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Painting (Silver over Black, White, Yellow and Red)
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Jackson Pollock 2
Barcelona is a city where you need to read the exhibition titles carefully. So if it says ‘Explosion! The legacy of Jackson Pollock’, do not expect a large selection of works by Pollock (1912-1956) himself. Bearing that in mind, you are however offered an interesting show, well researched, and well presented by curator Magnus af Petersens, from the Moderna Museet Stockholm—which is coproducing it with Fundació Miró.
The key to the show it that the paintings you can now see on the wall were in fact created by laying them on the floor. Back in the late 1940’s, Pollock decided to randomly dip paint while walking on and around the canvas, in a kind of dance driven by chance and instinct. The outcome was clear: the picture was no more a framed representation of reality, but the result of an act of free action.
The reaction to these “action paintings” by Pollock and fellow American Expressionists was both prompt and far reaching, not at least thanks to the works of the new mass media. Soon after, French Yves Klein was making “body imprints” with nude models leaving a ghostly mark on the canvas with their bodies previously covered in paint; Lynda Benglis decided to spare the canvas, and pour directly from the can onto the floor; in Germany, Sweden, the UK and Austria these and more poignant types of “happenings” flourished, and canvases got shot, fired, and even pissed on. In Japan, some of the most extreme practitioners banded together in the Gutai group, specifically featured in the show.
Why was the response so quick and so international? Where did all the energy come from? Petersens gives you an answer in his essay for the exhibition’s catalogue: “The awareness of the horrors of war, the Holocaust and the atom bomb made it impossible to go on creating art as though nothing had happened”. If the menace was global, and felt as a certainty, the response needed to be global too, and urgently put in place. If the atomic bomb reaped boundless destruction, the artist needed to advocate for boundless creation.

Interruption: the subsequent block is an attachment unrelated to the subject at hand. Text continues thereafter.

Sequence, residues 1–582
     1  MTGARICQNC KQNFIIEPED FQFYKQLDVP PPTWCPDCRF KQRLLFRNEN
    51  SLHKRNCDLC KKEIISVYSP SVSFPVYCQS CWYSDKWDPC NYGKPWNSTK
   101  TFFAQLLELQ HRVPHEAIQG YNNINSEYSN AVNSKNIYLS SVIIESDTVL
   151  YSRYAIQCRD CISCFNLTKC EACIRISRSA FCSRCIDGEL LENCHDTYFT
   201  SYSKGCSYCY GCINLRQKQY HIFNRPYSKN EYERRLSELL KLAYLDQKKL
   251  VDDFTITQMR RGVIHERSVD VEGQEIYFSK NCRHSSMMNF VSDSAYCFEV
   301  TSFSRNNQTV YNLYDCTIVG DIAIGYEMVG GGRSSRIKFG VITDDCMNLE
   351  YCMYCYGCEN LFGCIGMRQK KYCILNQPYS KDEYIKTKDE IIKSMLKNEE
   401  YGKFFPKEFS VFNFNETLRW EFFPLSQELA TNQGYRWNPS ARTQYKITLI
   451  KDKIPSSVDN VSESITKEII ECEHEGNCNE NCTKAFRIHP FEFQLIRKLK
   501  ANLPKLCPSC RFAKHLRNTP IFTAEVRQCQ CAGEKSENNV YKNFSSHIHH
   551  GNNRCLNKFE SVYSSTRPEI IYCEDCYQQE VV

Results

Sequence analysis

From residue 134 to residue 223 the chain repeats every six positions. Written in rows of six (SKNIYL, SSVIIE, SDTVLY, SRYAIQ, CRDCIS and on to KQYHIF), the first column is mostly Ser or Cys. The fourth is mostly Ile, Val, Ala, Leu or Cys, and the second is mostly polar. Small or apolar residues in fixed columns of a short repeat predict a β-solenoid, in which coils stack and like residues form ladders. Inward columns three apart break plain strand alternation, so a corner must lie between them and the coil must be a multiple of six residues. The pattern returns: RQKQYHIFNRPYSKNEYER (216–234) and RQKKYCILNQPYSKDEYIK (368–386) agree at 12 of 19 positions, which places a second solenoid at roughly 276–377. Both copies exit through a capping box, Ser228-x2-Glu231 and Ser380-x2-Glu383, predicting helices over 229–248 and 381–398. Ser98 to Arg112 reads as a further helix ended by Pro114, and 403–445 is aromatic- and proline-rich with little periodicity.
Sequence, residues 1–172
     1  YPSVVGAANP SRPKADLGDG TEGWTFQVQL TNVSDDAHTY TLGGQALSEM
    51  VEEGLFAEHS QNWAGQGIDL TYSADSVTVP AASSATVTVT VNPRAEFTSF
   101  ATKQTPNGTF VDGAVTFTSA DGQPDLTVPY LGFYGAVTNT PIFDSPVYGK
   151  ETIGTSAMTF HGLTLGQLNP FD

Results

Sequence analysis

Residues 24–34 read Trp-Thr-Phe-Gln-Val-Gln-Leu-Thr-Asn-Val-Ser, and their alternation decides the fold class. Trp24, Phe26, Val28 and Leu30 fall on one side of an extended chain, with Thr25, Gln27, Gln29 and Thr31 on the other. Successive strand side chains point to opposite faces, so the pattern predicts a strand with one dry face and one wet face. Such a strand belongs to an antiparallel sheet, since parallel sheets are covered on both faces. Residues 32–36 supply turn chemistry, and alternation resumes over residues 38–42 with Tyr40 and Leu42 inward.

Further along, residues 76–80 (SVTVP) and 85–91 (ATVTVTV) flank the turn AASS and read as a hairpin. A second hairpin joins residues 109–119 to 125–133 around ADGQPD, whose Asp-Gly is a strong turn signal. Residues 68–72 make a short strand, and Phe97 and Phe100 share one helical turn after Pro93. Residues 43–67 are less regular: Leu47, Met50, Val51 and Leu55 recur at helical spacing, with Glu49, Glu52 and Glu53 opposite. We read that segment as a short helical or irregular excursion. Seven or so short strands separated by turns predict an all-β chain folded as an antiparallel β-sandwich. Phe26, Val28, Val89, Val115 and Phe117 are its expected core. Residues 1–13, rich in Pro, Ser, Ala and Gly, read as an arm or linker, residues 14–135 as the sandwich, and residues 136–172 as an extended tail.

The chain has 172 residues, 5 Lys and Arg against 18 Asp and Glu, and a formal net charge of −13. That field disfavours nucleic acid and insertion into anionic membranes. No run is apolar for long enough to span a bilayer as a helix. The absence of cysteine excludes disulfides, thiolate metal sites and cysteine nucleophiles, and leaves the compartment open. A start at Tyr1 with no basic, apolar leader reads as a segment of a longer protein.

Here is perhaps where the real value of this show lies. It acts as a mirror, showing you how some assumptions we now take for granted (unbridled action as a form of freedom, internationalism as a token of truthfulness), took root, just two generations ago, in that old, persistent way of human creativity we call painting. And, noteworthy, it comes some weeks before Tate Modern in London opens ‘A Bigger Splash. Painting after Perfomance’ (November 14th to April 1st), which, as its title says, shares common ground with the show in the Miró.
“I am very happy to see this exhibition in the Fundació Miró”, Petersens told me in a brief exchange after the press tour. He was referring to the fact that Pollock found inspiration in pre-war Surrealism, and that Miró’s “destruction of the painting” during the 1930’s could be seen as a precedent. You can see some of that in the excellent permanent collection of the Fundació itself, which you can access directly from the last room of the temporary exhibition. Just ask for a combination ticket at the front desk.
Explosion! The Legacy of Jackson Pollock
Fundació Miró, until February 24th, 2013
€7 (temporary exhibition);
€10 (temporary + permanent exhibition)
Catalogue: Magnus af Petersens, Julia Robinson, Ming Tiampo, Explosió! El llegat de Jackson Pollock (texts in Catalan, Spanish and English), Fundació Miró, 2012; 212 pages, €35.